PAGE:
By: Dennis Cook
Fate (released July 22 on Park The Van), the fifth album from Philadelphia's Dr. Dog is a pilgrim's hymnbook written in popular song, full of outward bound thoughts wedded to shoo-bee-do-wops and befuzzed guitar. It's the kind of album you like right away but find you're madly in love with after a few dates. By your first road trip alone you'll be ready to slip a ring on its finger. An upward draft informs everything, even the tunes that begin down in the dumps, and it's that tenacity at grasping at the light that elevates Fate - and Dr. Dog in general – above the realm of neat pop craftsmanship (which, coincidentally, they do quite well). Fate is ham-hocks and collard greens for starved souls that only reveals its true spicing once it's inside you.
"Some things present themselves in everyone's lives in a million different varieties. These things make music feel substantial," says Scott McMicken, one of the voices and architects of Dr. Dog. "I find the most solace and realization in knowing about these things. No matter how sort of stuck in the muck you get, if you can find evidence of these same things existing in other people's lives, well, it just feels like a function of life and a human attribute. It's really good. The most dangerous thing is getting lost and locked up in your own experiences. I find these moments of shared experience to be so beneficial."
It's this universality, this quest for commonality and connection that informs Fate. That they deliver this message in a package that recalls great pop artists of the past makes their philosophical slight of hand all the more impressive. Their Wikipedia entry begins:
Dr. Dog is a psychedelic rock band from Philadelphia, Pennsylvania. Their sound has been compared to that of various 1960s pop bands, especially The Beatles and The Band, as well as The Beach Boys.
It's lazy shorthand but this set of associations tends to crop up in nearly every piece about them, in one form or another. Though Dr. Dog shares the solidity and super charged creative energy of these reference points, they don't really sound like The Band or The Beatles and largely left behind any discernible Beach Boys nods a couple years ago. In much the same way as every singer-songwriter is the "New Dylan" or "New Neil Young," critics tend to lump music into codified little boxes. So when confronted by a fully flowering rock monster like Dr. Dog most aren't sure what to do with them. While many establishment wags can't conceive of a contemporary group making albums as rich as Revolver, Stage Fright or Smiley Smile, that's just what Dr. Dog has done with Fate, which hints at even more spectacular things to come. However, it's not especially psychedelic, at least not in the candy ass, incense and peppermints way most folks take it to be.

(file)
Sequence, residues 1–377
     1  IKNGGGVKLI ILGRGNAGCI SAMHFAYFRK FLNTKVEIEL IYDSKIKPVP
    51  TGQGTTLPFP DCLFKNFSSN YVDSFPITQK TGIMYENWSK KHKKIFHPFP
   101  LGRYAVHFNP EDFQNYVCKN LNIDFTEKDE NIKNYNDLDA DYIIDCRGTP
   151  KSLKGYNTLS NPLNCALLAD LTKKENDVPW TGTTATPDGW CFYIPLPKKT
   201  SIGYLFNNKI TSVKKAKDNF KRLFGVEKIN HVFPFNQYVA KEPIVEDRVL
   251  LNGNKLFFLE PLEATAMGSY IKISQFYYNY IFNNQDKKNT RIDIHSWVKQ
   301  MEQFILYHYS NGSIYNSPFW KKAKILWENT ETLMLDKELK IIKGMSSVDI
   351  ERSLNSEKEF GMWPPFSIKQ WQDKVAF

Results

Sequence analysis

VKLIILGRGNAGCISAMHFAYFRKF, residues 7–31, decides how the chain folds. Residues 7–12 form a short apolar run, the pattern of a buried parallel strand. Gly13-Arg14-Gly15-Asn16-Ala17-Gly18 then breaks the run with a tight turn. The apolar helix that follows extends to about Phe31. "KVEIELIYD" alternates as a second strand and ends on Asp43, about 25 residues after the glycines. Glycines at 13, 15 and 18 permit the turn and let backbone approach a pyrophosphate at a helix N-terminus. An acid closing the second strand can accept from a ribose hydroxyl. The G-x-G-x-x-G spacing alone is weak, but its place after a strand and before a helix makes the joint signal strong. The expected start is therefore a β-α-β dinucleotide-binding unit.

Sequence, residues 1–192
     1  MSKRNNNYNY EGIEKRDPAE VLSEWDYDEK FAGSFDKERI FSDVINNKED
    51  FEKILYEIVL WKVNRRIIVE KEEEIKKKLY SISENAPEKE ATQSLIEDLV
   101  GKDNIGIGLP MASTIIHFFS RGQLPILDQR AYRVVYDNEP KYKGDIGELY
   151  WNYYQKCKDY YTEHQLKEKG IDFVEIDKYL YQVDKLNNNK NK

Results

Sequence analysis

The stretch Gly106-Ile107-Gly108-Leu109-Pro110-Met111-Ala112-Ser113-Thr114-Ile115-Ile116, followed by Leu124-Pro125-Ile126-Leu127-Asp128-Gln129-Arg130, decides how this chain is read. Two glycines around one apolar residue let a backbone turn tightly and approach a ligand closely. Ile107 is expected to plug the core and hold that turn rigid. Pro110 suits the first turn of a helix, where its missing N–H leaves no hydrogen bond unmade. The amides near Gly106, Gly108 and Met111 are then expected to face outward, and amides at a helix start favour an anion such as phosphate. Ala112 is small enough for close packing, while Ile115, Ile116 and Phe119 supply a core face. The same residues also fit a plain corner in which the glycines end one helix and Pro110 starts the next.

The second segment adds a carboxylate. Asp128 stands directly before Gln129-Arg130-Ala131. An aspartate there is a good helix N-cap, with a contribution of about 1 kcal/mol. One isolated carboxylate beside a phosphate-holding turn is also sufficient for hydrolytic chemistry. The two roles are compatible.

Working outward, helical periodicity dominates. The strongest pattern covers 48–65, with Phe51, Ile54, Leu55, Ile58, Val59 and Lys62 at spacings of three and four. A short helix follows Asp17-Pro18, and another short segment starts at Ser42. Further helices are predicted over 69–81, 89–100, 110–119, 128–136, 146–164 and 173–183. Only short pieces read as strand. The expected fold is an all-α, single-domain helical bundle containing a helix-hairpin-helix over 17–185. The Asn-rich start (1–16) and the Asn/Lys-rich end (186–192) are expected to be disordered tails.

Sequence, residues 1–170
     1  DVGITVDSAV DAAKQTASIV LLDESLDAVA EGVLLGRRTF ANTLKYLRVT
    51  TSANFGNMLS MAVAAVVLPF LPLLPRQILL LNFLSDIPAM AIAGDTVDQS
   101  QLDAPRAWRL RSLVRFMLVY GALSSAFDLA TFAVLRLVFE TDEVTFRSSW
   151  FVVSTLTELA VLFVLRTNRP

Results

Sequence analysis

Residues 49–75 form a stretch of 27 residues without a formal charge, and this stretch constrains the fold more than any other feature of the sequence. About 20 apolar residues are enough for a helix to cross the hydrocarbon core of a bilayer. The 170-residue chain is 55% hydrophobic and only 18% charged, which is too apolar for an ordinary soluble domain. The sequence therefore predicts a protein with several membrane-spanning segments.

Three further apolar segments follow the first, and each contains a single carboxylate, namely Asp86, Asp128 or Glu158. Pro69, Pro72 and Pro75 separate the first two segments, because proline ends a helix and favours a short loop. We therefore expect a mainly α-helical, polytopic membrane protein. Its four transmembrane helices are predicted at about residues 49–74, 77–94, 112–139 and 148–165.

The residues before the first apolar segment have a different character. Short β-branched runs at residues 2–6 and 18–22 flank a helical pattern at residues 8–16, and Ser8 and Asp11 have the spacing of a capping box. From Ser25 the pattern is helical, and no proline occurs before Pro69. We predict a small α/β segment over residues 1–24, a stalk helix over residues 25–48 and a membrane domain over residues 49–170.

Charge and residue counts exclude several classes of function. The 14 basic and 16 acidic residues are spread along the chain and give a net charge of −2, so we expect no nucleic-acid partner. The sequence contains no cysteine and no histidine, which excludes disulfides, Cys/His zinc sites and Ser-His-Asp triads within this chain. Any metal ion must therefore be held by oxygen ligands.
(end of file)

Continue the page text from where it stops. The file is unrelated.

"That word is just swimming around there for anyone to pick up on. It's a very, very subjective word at this point in time. Any music possessing a general characteristic of color and some sort of imaginary landscape immediately falls into that psychedelic category," points out McMicken. "I feel this issue is somewhat of a problem but can also be seen as a challenge, not just in the building of the identity or consciousness of your band but in learning how to feel a personal connection with something that is so easily tagged and so easily referenced. To re-appropriate all these elements and sort of become familiar with the history, the grand narrative of whatever you're a part of – whether it's your own self-analysis or your family or culture as an artist – is an opportunity to learn to keep the peace with your own personal history AND to be very comfortable in terms of any given point in what precedes you, and being proud to carry these things on instead of lashing out against them or feeling like they only exist in their most beautiful form only for you to dodge and avoid. For the most part, that's kind of what Fate, the record, is about in a nutshell."
Do you feel like you're stuck in time?
Forever waiting on that line
If nothing ever moves
Put that needle to the groove
As Virginia Woolf would tell you (if she wasn't clutching stones at the bottom of a lake), a room of one's own makes all the difference in art and life. For the past few years, Dr. Dog has recorded at their home studio. The lack of clockwatching and freedom to work at all hours has meant a steady technical progression that's matched pace with their increased skill as players and songwriters. They buy their tape used from a hip-hop studio in Philly, and from time to time happy accidents from the blunted maestros make their way into their tunes, shuddery, chuckling ghosts inside their spiraling barroom piano and fluttering melodies. After saving up their pennies, they purchased a 24-track rig that replaced their cherished four-track, which still gets a workout from time to time.
|Dr. Dog by Sam Seager|
"We used to roll the tape and record a song. If it was awesome it was awesome, if it was bad it was bad, but we'd never go back. Now we can do several takes and let the music develop more naturally," says McMicken. "In a band you're constantly working on things together. It's very delicate. The good thing is you work through things and you wind up stronger than ever. For me, that's linked up with being in a band and always improving."
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